SCIENTISTS still want to talk with the missing Mars Observer spacecraft, but they think that trying to restart its central computer is too risky.
A proposal to restart or ``reboot'' the computer was rejected on Aug. 30 by project scientists at the National Aeronautics and Space Agency's Jet Propulsion Laboratory in Pasadena, Calif.
In a written statement, JPL said restarting the Mars Observer computer would pose an unnecessary risk to telecommunications with other spacecraft.
NASA, which last heard from the craft Aug. 21, continued to send messages in hopes of salvaging the $980 million mission.
Had the reboot command been given, the Mars Observer spacecraft would have been expected to communicate with JPL after a 65-hour waiting period.
Some outside analysts have speculated that the Mars spacecraft has exploded.
But NASA has maintained that the craft was silenced by the failure of transistors in a central clock, and that the probe probably started orbiting Mars as planned.
Mars Observer was launched Sept. 25 on a 450-million-mile journey. It was to be the first new United States exploration of Mars since the twin Viking orbiters and their landers reached the planet 17 years ago. L.A. policemen denied bail
A federal appeals court refused to allow the two white policemen convicted of violating black motorist Rodney King's civil rights to remain free on bail during their appeal.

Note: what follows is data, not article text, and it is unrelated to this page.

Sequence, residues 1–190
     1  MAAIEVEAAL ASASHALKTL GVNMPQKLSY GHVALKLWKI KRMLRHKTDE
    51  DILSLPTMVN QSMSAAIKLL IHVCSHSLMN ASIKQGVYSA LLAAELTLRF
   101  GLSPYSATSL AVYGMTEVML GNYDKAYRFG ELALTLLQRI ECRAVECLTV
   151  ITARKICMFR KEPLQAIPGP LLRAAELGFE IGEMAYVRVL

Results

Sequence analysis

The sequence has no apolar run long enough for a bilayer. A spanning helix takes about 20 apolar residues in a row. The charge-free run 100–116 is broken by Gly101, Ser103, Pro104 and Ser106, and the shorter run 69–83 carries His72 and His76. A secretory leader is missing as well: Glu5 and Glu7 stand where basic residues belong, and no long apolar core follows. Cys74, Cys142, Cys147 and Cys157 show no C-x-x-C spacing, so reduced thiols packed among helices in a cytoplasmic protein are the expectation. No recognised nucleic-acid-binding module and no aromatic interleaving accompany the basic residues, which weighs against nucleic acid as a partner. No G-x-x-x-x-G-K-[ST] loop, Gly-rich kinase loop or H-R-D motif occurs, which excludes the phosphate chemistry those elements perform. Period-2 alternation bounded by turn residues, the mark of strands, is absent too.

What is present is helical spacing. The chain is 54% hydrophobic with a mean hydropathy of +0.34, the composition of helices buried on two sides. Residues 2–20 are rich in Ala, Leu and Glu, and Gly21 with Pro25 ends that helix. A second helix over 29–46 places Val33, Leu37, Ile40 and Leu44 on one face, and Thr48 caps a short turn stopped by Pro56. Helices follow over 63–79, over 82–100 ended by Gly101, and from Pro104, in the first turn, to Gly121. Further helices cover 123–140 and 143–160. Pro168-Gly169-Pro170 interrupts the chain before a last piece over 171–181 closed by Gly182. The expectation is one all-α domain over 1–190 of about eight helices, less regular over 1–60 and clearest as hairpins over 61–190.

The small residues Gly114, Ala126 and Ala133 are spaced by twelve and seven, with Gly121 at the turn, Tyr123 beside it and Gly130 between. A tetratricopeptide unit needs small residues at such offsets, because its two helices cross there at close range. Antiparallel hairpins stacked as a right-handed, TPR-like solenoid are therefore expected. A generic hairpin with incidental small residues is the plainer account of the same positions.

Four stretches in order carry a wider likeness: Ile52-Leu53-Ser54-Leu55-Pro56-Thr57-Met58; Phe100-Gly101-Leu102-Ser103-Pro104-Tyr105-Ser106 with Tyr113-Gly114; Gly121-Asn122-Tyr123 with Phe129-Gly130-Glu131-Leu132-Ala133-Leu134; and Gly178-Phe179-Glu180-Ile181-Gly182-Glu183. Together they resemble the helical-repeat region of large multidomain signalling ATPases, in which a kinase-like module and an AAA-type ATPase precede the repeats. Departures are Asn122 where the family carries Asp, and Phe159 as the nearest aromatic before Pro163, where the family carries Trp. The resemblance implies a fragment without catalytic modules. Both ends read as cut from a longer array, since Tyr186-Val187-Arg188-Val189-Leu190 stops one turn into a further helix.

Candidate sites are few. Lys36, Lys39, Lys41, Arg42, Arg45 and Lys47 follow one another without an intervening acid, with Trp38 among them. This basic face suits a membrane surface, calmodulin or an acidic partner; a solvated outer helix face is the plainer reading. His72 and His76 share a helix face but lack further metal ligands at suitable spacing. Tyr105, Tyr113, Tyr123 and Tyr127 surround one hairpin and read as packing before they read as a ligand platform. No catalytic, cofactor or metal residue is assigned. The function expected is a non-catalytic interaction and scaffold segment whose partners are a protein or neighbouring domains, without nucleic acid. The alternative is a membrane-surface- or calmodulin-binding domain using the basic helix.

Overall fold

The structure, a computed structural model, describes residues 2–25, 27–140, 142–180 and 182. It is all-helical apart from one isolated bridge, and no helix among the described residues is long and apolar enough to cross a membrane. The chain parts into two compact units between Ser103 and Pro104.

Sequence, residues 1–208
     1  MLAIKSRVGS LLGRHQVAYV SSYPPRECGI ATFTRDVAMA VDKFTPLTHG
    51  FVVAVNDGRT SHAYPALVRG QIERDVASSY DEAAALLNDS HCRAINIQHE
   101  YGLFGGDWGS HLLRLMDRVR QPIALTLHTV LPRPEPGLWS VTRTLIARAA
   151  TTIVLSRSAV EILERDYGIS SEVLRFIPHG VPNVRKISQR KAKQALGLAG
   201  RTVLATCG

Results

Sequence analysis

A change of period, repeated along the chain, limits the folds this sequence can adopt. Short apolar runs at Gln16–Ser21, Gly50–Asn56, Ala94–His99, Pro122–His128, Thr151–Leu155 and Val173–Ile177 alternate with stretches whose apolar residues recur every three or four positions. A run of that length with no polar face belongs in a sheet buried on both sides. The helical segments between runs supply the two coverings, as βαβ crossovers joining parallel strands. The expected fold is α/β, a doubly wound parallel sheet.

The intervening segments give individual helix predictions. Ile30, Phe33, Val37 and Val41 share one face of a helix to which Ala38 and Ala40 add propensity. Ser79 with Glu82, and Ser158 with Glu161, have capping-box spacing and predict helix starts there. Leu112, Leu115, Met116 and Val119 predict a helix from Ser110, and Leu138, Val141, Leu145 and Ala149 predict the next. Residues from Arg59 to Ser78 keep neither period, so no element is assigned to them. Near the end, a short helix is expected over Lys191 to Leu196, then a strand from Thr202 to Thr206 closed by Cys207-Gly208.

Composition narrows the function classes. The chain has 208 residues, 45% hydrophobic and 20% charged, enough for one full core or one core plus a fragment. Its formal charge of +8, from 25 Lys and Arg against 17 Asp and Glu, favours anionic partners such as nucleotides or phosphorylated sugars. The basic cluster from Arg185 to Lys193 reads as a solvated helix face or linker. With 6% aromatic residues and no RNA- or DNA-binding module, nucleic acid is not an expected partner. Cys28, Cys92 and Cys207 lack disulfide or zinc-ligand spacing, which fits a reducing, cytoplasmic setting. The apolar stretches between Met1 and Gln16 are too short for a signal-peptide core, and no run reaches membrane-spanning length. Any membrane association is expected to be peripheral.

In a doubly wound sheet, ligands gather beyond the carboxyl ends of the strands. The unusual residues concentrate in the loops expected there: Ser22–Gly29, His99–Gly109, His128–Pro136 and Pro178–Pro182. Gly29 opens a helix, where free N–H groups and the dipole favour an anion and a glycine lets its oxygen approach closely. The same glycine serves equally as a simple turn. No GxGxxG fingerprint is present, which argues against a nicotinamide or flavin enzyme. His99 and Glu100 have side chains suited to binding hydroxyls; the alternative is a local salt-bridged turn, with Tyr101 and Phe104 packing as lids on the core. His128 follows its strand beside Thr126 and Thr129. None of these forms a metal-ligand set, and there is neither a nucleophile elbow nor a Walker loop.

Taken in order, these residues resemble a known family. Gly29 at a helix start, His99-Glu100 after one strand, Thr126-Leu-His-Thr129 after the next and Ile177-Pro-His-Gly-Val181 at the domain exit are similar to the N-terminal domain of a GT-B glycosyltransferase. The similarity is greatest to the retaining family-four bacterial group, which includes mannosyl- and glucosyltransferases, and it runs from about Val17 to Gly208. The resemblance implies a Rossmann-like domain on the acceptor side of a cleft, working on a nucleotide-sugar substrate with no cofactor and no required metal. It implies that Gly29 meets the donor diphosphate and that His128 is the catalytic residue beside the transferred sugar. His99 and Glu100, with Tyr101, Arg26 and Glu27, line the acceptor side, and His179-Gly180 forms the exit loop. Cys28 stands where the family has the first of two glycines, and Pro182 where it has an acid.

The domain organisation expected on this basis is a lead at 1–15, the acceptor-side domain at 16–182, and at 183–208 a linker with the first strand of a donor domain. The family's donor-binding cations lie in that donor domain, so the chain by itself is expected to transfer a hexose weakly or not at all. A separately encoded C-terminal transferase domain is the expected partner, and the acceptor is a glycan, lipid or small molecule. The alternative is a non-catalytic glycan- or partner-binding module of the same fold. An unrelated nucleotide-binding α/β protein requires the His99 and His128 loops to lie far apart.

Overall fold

In an order released on Aug. 30, the 9th US Circuit Court of Appeals ordered Stacey Koon, a sergeant, and Laurence Powell, an officer, to begin their prison terms on Sept. 27, saying they ``failed to show that their circumstances ... are sufficiently exceptional to warrant release on bail.''
The order, signed by Judges Harry Pregerson and Pamela Rymer, said the officers were each convicted of a crime of violence. People convicted of violent crimes normally are ineligible for bail during appeals.
Mr. Koon and Mr. Powell were sentenced to 2-1/2 years in prison after a federal jury in California convicted them in the March 1991 beating of Mr. King.
The beating was videotaped by an amateur cameraman and shown repeatedly nationwide.
The officers' acquittals in state court in 1992 sparked riots in Los Angeles that killed 54 people and injured many more.